They’ve marched, they’ve danced, and they’ve even been farced. In Surf’s Up, they now surf. I guess the only genre that hasn’t been covered by penguins is the stoner comedy. I’ll be looking forward to that. Anyways, as some may recall, I quipped in my review of Meet the Robinsons as follows: “Hey, at least it doesn’t have penguins.” Frankly, penguins are grossly overexposed, even though the general public seems endlessly fascinated by them. Yes, they’re cute and they walk funny, but we’re now on year three of penguin cinematic adventures.
This makes it all the more amazing that directors Ash Brannon and Chris Buck, along with a host of writers, have created a penguin film that feels fresh and original, even if it doesn’t always succeed. Running a scant eighty-five minutes (make that seventy-five minutes of film and ten minutes of credits), the movie is fast-paced and loaded with quirky wit.
“Shot” entirely in reality TV-style, we meet Cody Maverick (voiced by Shia LaBeouf) as the film opens. He has big dreams of professional surfing and escaping his Antarctic home, where he lives with parents who misunderstand him and a much bigger brother who constantly harasses him. His idol is Big Z (voiced by Jeff Bridges), a surfing legend who’s presumed dead in a tragic accident. One day Cody is recruited to participate in Penguin World Surfing Championship in Pen Gu, where he discovers that Big Z is actually alive and hiding out. Big Z takes him under his wing, and the two train to take down arch-nemesis Tank Evans (voiced by Diedrich Bader) and win the whole shebang.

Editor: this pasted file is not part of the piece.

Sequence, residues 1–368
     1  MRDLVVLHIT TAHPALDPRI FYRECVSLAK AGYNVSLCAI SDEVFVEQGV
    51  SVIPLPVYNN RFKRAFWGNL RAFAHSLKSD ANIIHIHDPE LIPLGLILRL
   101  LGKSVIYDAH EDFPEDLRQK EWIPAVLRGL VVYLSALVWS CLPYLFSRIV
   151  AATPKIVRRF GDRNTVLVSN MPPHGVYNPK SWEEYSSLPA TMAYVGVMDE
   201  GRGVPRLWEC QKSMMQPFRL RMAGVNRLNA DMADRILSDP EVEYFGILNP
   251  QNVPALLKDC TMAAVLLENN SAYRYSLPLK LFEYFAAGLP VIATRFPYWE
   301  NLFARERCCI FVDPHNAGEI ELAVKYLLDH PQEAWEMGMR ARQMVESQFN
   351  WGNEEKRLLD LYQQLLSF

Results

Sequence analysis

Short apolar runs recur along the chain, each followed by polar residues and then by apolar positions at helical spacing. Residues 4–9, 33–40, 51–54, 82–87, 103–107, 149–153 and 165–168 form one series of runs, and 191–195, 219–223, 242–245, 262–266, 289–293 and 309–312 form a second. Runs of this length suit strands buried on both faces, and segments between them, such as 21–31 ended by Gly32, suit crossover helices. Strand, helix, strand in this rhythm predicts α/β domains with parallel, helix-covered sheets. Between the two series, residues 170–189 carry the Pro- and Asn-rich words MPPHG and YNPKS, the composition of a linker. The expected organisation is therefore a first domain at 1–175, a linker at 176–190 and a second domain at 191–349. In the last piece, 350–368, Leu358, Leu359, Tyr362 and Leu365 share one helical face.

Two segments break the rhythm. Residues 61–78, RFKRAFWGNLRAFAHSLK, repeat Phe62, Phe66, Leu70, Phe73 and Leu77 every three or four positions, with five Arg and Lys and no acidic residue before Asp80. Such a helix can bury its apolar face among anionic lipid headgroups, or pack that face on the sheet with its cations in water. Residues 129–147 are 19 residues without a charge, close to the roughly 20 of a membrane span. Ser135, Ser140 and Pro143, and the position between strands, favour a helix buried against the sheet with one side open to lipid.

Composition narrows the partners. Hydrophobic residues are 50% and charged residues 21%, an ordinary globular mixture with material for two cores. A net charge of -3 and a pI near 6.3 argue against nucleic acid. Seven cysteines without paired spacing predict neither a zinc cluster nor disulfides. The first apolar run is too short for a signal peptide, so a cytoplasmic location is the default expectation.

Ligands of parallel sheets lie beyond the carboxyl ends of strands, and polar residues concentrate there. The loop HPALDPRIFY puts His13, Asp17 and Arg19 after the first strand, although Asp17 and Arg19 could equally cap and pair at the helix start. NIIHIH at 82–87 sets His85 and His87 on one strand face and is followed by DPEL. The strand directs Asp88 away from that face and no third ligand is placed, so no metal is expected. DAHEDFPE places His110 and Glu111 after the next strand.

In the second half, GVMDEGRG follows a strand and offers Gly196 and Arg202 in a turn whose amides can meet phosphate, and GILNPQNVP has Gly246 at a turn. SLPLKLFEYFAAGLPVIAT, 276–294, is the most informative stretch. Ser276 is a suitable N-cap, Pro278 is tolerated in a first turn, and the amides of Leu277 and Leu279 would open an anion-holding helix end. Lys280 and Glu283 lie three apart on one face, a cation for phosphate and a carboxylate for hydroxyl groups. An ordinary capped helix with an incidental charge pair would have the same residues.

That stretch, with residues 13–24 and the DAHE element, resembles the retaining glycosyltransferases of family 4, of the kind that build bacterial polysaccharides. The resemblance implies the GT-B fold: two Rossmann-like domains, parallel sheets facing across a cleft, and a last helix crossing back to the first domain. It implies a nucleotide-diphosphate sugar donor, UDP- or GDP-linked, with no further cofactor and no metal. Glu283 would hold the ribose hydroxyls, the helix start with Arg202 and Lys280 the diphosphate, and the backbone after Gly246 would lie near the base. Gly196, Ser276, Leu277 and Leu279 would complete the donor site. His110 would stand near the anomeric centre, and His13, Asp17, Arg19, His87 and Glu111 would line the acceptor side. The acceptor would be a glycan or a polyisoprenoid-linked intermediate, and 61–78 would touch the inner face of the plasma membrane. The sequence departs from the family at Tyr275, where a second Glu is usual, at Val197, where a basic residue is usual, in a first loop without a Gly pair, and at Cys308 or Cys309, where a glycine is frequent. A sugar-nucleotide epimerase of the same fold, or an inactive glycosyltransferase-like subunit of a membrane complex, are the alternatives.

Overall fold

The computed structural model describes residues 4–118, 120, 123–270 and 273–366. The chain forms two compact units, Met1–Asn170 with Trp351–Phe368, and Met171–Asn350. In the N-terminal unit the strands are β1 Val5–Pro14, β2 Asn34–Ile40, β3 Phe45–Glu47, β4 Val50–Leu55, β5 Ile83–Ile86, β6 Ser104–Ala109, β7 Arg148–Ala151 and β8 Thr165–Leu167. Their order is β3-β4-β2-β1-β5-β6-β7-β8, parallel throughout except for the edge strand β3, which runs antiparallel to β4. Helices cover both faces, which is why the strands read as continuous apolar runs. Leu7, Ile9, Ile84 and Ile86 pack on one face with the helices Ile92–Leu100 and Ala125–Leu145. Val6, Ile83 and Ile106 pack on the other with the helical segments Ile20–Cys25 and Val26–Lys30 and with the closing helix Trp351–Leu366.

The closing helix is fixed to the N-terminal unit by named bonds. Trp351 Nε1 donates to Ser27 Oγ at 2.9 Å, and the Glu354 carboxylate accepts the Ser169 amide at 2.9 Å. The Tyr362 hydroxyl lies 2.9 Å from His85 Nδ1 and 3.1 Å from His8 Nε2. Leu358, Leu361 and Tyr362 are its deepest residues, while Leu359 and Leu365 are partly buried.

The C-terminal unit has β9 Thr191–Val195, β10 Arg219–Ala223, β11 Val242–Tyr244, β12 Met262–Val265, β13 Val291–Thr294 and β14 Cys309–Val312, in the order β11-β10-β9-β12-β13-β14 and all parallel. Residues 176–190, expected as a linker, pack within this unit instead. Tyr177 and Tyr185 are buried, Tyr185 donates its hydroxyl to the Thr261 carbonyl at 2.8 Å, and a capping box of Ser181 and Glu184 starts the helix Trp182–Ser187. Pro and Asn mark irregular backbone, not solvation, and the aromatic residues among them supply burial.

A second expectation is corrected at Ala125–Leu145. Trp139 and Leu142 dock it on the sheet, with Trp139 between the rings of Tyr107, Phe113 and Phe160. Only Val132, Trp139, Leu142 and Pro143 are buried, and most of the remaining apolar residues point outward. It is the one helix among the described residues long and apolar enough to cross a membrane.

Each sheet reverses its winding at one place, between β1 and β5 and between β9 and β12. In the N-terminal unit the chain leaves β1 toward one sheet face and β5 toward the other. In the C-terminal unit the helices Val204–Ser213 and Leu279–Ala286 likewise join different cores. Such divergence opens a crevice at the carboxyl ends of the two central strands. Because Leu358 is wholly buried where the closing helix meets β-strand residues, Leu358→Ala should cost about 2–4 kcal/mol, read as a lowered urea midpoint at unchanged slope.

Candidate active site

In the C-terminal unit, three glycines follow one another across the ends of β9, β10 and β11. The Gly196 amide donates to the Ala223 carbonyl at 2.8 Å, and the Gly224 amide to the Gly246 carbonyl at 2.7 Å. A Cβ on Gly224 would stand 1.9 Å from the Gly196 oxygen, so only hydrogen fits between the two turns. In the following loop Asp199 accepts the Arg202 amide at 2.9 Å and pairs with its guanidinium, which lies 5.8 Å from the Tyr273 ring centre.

As strange as it seems, there may be more material for adults than kids here. Young adults will identify with the idolizing and mentoring of a figure we have all seen as bigger than life. Grown adults will identify with Big Z, who feels washed up and useless in the wake of younger, newer talent. Kids will laugh at the fart, belch, and feces jokes, as if there isn’t enough of that in today’s cinema.
The animation, by Sony Pictures, is absolutely superb. The lush island locales burst off the screen and the waves are truly awe-inspiring. The purposefully shaky camera techniques seem distracting at first, but the film settles into a groove quickly. The in-your-face attitude really suits this material nicely.
The voice casting is inspired, particularly Jeff Bridges as the aging Big Z. He brings a nice vocal depth to the character and really helps the more emotional scenes pay off. The Hollywood flavor of 2007, Shia LaBeouf, exhibits nice energy as Cody, capturing the sort of wonder we all experienced when we were seventeen. The supporting work by Zooey Deschanel, Jon Heder, James Woods, and Diedrich Bader is also good for several laughs.
Surf’s Up delivers the early summer escapist fun that kids and parents are looking for, and that’s all that can really be asked of it. The film puts a different spin on a seemingly ragged formula, which is always welcome. The sad truth is that it will probably disappear once Pixar’s Ratatouille gets released later this month, but Surf’s Up is nevertheless harmless fun for just about everyone.
Studio: Sony Pictures
Length: 85 Minutes
Rating: PG for mild language and some rude humor.
Theatrical Release: June 8, 2007
Directed by: Ash Brannon & Chris Buck.
Written by: Lisa Addario & Christian Darren & Don Rhymer & Joe Syracuse.
Cast: Shia LaBeouf (voice), Jeff Bridges (voice), Zooey Deschanel (voice), Jon Heder (voice), James Woods (voice), Diedrich Bader (voice)